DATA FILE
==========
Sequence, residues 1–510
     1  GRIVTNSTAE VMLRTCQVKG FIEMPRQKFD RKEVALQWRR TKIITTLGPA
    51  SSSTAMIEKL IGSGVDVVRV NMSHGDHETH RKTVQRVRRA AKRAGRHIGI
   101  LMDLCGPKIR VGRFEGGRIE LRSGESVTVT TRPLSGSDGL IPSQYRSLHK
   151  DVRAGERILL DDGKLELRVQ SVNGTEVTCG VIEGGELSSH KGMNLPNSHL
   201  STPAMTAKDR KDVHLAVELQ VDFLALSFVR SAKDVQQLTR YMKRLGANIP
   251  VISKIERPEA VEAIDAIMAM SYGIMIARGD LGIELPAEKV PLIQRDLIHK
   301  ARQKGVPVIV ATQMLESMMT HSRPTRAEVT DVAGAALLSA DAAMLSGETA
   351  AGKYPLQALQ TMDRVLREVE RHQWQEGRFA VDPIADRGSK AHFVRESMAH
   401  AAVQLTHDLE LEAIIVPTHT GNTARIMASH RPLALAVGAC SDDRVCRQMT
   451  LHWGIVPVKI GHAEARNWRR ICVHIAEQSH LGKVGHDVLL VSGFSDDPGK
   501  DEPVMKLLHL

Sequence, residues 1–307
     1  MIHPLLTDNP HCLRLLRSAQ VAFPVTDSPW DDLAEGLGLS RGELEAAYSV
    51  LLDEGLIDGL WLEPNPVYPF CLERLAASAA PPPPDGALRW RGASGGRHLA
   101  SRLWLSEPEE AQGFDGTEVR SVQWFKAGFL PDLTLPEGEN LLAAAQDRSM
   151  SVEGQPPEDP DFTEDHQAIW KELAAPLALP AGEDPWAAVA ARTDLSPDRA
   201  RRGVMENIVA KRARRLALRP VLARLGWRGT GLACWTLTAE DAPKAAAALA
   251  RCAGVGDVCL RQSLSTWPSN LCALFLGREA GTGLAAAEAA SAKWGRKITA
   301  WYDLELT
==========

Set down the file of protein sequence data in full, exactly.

Sequence, residues 1–510
     1  GRIVTNSTAE VMLRTCQVKG FIEMPRQKFD RKEVALQWRR TKIITTLGPA
    51  SSSTAMIEKL IGSGVDVVRV NMSHGDHETH RKTVQRVRRA AKRAGRHIGI
   101  LMDLCGPKIR VGRFEGGRIE LRSGESVTVT TRPLSGSDGL IPSQYRSLHK
   151  DVRAGERILL DDGKLELRVQ SVNGTEVTCG VIEGGELSSH KGMNLPNSHL
   201  STPAMTAKDR KDVHLAVELQ VDFLALSFVR SAKDVQQLTR YMKRLGANIP
   251  VISKIERPEA VEAIDAIMAM SYGIMIARGD LGIELPAEKV PLIQRDLIHK
   301  ARQKGVPVIV ATQMLESMMT HSRPTRAEVT DVAGAALLSA DAAMLSGETA
   351  AGKYPLQALQ TMDRVLREVE RHQWQEGRFA VDPIADRGSK AHFVRESMAH
   401  AAVQLTHDLE LEAIIVPTHT GNTARIMASH RPLALAVGAC SDDRVCRQMT
   451  LHWGIVPVKI GHAEARNWRR ICVHIAEQSH LGKVGHDVLL VSGFSDDPGK
   501  DEPVMKLLHL

Sequence, residues 1–307
     1  MIHPLLTDNP HCLRLLRSAQ VAFPVTDSPW DDLAEGLGLS RGELEAAYSV
    51  LLDEGLIDGL WLEPNPVYPF CLERLAASAA PPPPDGALRW RGASGGRHLA
   101  SRLWLSEPEE AQGFDGTEVR SVQWFKAGFL PDLTLPEGEN LLAAAQDRSM
   151  SVEGQPPEDP DFTEDHQAIW KELAAPLALP AGEDPWAAVA ARTDLSPDRA
   201  RRGVMENIVA KRARRLALRP VLARLGWRGT GLACWTLTAE DAPKAAAALA
   251  RCAGVGDVCL RQSLSTWPSN LCALFLGREA GTGLAAAEAA SAKWGRKITA
   301  WYDLELT